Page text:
Snapshot Issue 42 January 2008
Transcription factor Pha-4
Life is something not many of us are ready to lose. From elixirs to genetic tinkering, over the years humans have searched for ways of lengthening our time here on Earth. Some have even tried to define what the process of getting older actually is. Is it a way of ensuring that the younger – and hence the fittest – get a decent go at reproducing and not their ageing parents? Or is it the result of an accumulation of negative events – such as mutations – ultimately leading to death? Or are we given a certain amount of energy to be spent in a lifetime, which is distributed between reproducing and maintaining our organism?
No one is in a position to give a definite answer yet. Perhaps no one ever will be. However, it is becoming quite clear that there are genes which have direct roles in an organism’s lifespan. One such gene is known as Pha-4 whose product is the protein transcription factor Pha-4. And it is found in the worm Caenorhabditis elegans.
Pha-4 has two roles. It is involved in C.elegans embryogenesis and, more specifically, in the proper development of its pharynx. When C.elegans is an adult, however, Pha-4 has a very different activity – when the worm is put onto a calorie-restricted diet, Pha-4 bestows on the worm the faculty to live a little longer. How? The precise mechanism is still poorly understood but in environments where there is enough food, albeit poor in calories, the transcription factor stimulates the production of other proteins involved in the worm’s energy homeostasis.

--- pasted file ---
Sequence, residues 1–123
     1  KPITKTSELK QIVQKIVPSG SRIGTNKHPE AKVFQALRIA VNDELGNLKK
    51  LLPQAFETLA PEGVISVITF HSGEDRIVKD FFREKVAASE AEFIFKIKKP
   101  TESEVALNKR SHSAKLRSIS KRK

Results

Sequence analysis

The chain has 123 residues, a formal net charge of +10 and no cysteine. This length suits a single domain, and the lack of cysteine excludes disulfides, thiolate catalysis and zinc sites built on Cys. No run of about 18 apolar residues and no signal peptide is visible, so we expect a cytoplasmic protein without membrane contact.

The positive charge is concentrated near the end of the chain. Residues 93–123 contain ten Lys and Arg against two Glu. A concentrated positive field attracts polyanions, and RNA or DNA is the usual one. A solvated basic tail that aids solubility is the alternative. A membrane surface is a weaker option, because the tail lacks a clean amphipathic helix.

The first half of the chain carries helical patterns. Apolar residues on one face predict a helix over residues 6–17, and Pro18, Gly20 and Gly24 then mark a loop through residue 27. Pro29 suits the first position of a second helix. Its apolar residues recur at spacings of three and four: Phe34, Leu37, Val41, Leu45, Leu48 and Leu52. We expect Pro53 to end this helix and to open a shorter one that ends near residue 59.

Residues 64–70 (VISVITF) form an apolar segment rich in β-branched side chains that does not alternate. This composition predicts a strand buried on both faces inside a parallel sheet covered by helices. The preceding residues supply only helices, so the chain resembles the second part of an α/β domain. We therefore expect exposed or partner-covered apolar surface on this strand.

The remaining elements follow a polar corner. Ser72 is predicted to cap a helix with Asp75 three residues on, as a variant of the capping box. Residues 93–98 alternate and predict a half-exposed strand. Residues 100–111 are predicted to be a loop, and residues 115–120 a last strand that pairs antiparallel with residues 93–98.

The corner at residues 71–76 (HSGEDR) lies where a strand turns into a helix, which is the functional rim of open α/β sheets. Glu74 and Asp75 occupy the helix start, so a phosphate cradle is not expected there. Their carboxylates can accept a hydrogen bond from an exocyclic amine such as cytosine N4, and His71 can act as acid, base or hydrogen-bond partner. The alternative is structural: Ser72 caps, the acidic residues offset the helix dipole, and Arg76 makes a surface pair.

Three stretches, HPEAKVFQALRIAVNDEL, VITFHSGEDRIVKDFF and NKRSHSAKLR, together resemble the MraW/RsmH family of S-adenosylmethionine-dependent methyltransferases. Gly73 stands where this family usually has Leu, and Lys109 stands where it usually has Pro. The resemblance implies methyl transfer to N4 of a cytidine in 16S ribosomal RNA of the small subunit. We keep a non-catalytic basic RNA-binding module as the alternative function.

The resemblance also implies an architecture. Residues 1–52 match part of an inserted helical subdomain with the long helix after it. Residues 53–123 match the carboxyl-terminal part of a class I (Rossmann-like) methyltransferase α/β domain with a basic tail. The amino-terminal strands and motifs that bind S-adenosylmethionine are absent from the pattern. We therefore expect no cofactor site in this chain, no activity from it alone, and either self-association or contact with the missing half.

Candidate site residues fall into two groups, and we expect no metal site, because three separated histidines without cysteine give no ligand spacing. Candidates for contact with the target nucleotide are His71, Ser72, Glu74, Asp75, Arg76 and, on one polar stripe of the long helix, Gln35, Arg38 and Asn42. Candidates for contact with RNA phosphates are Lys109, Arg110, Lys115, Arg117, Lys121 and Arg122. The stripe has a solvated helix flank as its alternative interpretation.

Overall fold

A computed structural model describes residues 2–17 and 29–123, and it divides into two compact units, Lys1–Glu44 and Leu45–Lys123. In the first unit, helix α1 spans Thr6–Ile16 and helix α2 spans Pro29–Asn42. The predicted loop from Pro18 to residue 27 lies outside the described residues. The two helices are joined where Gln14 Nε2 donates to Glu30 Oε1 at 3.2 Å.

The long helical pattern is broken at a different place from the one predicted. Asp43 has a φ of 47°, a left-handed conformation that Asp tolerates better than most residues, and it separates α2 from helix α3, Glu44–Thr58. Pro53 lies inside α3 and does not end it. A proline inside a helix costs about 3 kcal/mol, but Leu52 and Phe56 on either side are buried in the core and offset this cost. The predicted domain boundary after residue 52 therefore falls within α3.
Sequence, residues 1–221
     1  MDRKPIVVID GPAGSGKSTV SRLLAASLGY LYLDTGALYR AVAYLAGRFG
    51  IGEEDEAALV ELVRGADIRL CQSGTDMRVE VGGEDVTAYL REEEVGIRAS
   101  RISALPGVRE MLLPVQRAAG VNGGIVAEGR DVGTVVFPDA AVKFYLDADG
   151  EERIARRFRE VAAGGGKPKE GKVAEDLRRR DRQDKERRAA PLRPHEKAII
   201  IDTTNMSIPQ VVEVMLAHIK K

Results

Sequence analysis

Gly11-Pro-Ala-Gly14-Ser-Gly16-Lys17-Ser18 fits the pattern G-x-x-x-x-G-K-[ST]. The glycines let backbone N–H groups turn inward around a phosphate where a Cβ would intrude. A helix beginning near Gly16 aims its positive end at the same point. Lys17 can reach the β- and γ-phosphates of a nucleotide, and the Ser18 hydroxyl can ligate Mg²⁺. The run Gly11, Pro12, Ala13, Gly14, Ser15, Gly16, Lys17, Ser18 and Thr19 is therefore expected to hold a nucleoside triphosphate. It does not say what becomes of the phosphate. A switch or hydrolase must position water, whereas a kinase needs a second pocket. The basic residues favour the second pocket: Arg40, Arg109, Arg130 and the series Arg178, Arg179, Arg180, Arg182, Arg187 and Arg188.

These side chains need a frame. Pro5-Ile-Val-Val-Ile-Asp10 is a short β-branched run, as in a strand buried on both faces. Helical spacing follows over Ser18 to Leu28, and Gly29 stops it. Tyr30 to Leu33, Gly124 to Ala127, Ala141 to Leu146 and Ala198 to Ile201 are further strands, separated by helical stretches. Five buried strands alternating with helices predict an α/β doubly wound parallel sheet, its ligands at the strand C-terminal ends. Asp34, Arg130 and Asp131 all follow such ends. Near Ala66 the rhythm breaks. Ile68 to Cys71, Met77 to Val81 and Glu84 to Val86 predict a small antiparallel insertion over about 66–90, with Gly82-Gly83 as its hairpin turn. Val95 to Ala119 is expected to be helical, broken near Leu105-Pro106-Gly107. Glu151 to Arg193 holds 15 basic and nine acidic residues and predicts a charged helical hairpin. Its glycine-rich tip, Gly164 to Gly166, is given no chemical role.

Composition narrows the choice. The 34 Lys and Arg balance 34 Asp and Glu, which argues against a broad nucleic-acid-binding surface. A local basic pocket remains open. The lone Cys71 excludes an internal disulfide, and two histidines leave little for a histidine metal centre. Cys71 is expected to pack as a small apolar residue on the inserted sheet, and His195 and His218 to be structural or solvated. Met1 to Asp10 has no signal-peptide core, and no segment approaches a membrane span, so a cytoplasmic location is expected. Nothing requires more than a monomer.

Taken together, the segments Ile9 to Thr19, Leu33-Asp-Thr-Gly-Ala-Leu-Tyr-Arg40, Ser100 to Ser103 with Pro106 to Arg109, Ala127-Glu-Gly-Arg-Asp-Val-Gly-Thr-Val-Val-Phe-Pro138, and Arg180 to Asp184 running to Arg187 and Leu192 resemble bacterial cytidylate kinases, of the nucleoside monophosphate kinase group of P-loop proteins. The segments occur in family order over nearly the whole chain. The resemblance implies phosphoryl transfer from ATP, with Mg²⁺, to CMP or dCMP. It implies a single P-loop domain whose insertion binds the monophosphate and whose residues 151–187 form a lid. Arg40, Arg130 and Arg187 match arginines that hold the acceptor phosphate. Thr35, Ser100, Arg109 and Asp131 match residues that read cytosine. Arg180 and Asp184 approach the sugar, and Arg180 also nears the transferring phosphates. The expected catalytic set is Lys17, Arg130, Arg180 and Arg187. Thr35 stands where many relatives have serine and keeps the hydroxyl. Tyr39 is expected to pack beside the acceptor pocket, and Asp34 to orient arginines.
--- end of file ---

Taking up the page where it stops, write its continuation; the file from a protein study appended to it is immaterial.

The effect of a calorie-restricted diet on an organism’s lifespan is nothing new; it had already made the headlines in the 1930s. What is new, however, is that researchers have managed to put their finger on a gene which is directly linked to how long a worm will stick around...
Could something of the like exist in humans? Perhaps. Pha-4 is similar to what is known as the FoxA family of proteins, and FoxA proteins are involved in glucose homeostasis – an important source of energy. Yet again though, humans are not worms and things are not so simple. Will one sole gene ever prove to be the switch for ‘staying young’ or ‘getting old’? It is hard to believe. In between times, there is nothing to prevent us from keeping to a calorie-restricted diet. You never know.
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